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Sale of Victoria Cross should break world record

Sale of Victoria Cross should break world record

A Victoria Cross awarded to a New Zealand soldier for bravery in Gallipoli is expected to reach a world record figure at auction in Sydney next week.

The Victoria Cross was awarded to Captain Alfred John Shout who died fighting for the ANZACS IN Gallipoli.

Bonhams & Goodman said Shout’s Victoria Cross could climb above $nz1 million at their auction in Sydney on July 24.

New Zealand publicly listed company Mowbrays own a 20 percent stake in Bonhams & Goodman who are the second biggest auction house in Australia.

``We are confident that it will break the auction record for a Victoria Cross. We have had a lot of phone inquiries from here and abroad,’’ Bonham’s & Goodman chief executive Tim Goodman said today.

The world auction record for the sale of a Victoria Cross is stg235,250 for a medal awarded to Sergeant Norman C Jackson, a British Royal Air Force pilot for his role in the Battle of Britain during World War II in 1944.

The Victoria Cross and other medals awarded to the highly decorated soldier are being offered for sale by Shout's family who have treasured them for over nine decades.

``There have been many calls over the years for information about the medal. The elderly owner is the grandson of the recipient and he is selling the medals due to a serious illness and to help provide for his children, the great grand children of Captain Shout.’’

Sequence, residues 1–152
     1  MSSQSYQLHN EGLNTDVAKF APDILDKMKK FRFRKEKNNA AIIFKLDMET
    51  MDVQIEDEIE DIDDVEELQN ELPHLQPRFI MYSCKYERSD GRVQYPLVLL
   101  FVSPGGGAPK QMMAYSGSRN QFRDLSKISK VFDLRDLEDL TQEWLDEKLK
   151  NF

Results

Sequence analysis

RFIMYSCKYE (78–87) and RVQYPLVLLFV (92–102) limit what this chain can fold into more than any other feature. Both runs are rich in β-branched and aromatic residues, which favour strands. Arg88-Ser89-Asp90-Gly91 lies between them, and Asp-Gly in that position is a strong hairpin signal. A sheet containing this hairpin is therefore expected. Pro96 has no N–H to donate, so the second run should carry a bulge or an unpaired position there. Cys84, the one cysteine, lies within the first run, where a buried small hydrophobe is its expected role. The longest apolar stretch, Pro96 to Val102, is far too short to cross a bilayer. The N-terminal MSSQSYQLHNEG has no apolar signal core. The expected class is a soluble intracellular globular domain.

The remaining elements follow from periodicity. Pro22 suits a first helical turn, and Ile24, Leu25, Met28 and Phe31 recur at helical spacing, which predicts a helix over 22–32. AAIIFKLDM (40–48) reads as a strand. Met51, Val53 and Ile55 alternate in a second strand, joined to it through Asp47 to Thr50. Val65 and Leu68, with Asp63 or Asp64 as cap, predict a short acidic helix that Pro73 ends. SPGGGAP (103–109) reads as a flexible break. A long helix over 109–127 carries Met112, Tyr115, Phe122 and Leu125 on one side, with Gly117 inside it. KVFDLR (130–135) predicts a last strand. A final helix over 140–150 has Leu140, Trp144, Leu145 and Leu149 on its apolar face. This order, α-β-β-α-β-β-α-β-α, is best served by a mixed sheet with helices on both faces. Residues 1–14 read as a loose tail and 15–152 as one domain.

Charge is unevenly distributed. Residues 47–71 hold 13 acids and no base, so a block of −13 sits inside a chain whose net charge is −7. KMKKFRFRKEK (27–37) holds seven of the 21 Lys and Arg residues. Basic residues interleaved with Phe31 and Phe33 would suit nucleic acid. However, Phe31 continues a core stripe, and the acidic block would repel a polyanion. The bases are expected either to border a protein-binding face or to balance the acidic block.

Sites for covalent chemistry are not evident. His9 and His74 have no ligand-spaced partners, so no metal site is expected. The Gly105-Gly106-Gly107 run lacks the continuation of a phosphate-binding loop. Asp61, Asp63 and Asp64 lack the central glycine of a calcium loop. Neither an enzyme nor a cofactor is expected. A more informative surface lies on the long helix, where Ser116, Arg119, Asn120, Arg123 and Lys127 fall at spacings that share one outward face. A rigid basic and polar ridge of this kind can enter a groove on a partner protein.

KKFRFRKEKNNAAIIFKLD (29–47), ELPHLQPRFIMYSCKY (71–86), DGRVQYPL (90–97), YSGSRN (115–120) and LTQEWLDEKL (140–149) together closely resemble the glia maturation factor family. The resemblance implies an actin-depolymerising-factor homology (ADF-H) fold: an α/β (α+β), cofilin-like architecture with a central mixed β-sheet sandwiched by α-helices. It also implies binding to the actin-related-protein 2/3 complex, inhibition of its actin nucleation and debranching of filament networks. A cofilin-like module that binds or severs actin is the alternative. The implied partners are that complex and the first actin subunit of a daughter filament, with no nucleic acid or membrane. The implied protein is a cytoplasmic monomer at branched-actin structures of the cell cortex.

Captain Shout was the most decorated soldier to have fought with the Australian Imperial Force at Gallipoli. Born in Wellington 1882 in New Zealand, Shout fought in the Boer War and later migrated to Australia with his wife and daughter in 1905.

Two days after the April landing at Anzac Cove, Shout led a bayonet charge into unknown territory facing continual machine gun fire from the Turks. In the words of Private Charles Huntley Thompson of the 13th Battalion: "That was the bravest thing I ever saw". Shout was awarded the Military Cross (also for sale) for his actions and promoted to Captain.

Later that same year in August, Shout's division was involved in the famous charge on the Turkish held trenches at Lone Pine.

During a pep talk to his platoon the night before the assault, Shout is reported to said to Lance Corporal Alexander Ross McQueen: "We will make a name for ourselves and Australia tomorrow Mac.

Shout caught a Turkish hand grenade - intending to throw it back - and it blew up, carrying away part of his face and severing his hands.

He died from his wounds days later and was buried at sea. Debate continues still as to whether he was a Kiwi or an Aussie.

The Victoria Cross was awarded to Shout posthumously for his valour at Lone Pine. He died at sea off Gallipoli on a hospital ship three days after combat on August 11, 1915 from injuries incurred during battle.

The collection of Shout's medals includes a Victoria Cross; Military Cross (GVR); Star 1914-15; British War Medal 1914-18; Victory Medal 1914-19; Queen's South Africa Medal and King's South Africa Medal.

There has been much private and public interest in Victoria Crosses in recent times, particularly the VCs' awarded at Gallipoli. The rare medals are made from bronze obtained from cannons captured at Sebastopol during the Crimean war.

Taking its name from Queen Victoria, the medal is the highest award for acts of bravery in wartime, irrespective of rank. This year is the 150th anniversary of the establishment of the Victoria Cross.

New Zealand publicly listed company Mowbrays own a 20 percent stake in Bonhams & Goodman who are the second biggest auction house in Australia.


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